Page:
Why online etiquette matters — and why IT leaders should care

Here he discusses why manners matter on social media, and why CIOs should care. But the more managers you talk to, you find that over the years that people — while they have better access to education and technology — are less equipped for face-to-face interactions because they’re getting less and less of them. They forget that social networks are some of the most public spaces available and are shared the entire world over. If you have folks not in senior leadership roles, they tend to be more active online and more casual about the thoughts they’re projecting into the world. Some of the things that can help here are codifying a social media policy [at work] and assigning social media managers to serve as a consistent voice; to talk with employees about what to share, the tone of voice that’s appropriate, the content they should be putting out there in the world; and to really work with them to understand how they should communicate online and add value for end users and customers. Why should businesses care, especially if their employees’ online activity is separate from work? Are there technologies that CIOs can use to promote and enforce etiquette? And there are social media monitoring tools that can keep an eye on what’s being said. You want to teach workers to make good decisions and have better high-tech habits. Should CIOs be building their own social media brands?

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It seems that not a week goes by without social media hitting a new high — or, as United Airlines might attest, a new low. Whatever your perspective, there’s no denying that social networks and online connections can shape how we work, think and interact to a dramatic degree.

High-tech analyst and consultant Scott Steinberg offers guidance on how to get along in this digital world with his new book, Netiquette Essentials: New Rules for Minding Your Manners in a Digital World, which was released in February. This is Steinberg’s seventh book about business or technology. Here he discusses why manners matter on social media, and why CIOs should care.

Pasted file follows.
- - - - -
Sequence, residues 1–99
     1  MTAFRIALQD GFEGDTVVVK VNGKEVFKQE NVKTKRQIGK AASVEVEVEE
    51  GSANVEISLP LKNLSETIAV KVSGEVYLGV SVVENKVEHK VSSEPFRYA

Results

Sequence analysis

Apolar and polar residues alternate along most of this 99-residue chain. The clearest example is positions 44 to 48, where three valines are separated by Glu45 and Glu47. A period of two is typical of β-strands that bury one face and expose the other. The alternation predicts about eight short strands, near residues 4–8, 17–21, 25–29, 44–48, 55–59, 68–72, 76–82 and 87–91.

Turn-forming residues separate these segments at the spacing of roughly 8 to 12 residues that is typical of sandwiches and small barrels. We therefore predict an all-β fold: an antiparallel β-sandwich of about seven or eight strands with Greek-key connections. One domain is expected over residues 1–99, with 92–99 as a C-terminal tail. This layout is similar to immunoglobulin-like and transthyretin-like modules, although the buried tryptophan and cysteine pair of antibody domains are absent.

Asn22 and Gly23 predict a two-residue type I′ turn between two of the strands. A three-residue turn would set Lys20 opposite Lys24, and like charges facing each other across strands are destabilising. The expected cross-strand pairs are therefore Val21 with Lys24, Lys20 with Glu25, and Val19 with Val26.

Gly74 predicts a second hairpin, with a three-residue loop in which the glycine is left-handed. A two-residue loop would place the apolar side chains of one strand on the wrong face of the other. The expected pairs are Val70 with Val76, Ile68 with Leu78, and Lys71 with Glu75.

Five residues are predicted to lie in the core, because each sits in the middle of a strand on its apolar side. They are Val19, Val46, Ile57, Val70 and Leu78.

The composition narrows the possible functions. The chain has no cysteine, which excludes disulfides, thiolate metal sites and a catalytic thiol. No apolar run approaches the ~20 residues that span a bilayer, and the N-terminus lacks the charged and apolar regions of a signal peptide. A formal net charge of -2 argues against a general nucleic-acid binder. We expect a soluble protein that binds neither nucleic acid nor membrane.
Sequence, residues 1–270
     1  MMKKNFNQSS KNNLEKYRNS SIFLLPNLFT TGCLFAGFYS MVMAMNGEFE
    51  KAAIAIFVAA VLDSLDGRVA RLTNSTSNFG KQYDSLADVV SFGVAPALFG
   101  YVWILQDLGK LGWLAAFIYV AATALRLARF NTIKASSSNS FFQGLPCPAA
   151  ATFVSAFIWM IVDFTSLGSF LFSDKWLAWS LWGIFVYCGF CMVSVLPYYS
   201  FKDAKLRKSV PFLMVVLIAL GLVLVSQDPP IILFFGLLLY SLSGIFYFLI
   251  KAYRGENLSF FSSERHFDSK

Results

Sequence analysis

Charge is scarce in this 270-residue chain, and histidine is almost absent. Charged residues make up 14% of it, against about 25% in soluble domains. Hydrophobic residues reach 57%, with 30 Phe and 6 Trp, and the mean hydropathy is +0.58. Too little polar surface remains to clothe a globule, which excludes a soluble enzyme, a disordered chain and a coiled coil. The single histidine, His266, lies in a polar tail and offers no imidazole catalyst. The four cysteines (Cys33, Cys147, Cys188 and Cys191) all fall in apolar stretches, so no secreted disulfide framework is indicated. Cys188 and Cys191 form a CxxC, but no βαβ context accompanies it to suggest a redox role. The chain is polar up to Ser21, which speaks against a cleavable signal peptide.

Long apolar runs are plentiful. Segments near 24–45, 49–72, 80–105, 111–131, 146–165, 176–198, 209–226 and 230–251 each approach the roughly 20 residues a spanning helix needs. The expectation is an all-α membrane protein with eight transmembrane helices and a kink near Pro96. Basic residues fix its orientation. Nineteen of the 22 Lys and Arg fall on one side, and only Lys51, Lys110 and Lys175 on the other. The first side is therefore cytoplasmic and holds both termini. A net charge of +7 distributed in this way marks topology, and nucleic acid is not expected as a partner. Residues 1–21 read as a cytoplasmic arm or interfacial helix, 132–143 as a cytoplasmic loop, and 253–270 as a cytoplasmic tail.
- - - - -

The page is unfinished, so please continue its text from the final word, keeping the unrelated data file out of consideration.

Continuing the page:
What observations prompted this book? I have a passion for helping people succeed, and I love watching them network and forge meaningful relationships. And the ability to communicate and establish relationships is key to business success. But the more managers you talk to, you find that over the years that people — while they have better access to education and technology — are less equipped for face-to-face interactions because they’re getting less and less of them. They’re less equipped to present in public or give a speech or a presentation. And you see it day to day.

You’re talking to younger people and they’re checking their phones and texting and tapping while you’re talking. It creates the impression that they’re snubbing you, even if that isn’t their intent. A lot of this isn’t just high-tech etiquette. Some of it is classic etiquette, and we seem to be losing it as we move further online.

What’s the top faux pas people make in or regarding the digital world? They forget that social networks are some of the most public spaces available and are shared the entire world over. And while these settings seem very relaxed and informal, and people enjoy them in a casual manner, we tend to post things that we wouldn’t say out loud in a real-world or office setting.

Posting something you thought was funny or liking a politically charged comment, it can be seen as an endorsement. You have to think twice about posting or liking something controversial. It could be a lightning rod. That like or share could be seen as an endorsement. And the other piece that’s interesting, too, is you can often get private and personal information that people have shared online. And people forget when they post something online that tone of voice and human elements are lost in the translation to the electronic realm. So something you think is said in jest can be taken out of context.

Smiley faces don’t do the trick? A smiley face never hurts. Thank God for emojis. Some people talk in very logical manner, and it comes off very harshly if you don’t add a smiley face.

We’ve seen headlines about people getting in trouble for their social posts. Why haven’t we all learned this lesson yet? Maybe because social networks have a more informal feel to them. You can forget that people might not have context around it. Social networks and online tools encourage us to be more social-facing than ever; there’s less privacy than ever before. They’re meant for short bites — most people don’t put a lot of thought into what they post. You have to be more purposeful and intentional about what you’re putting out…

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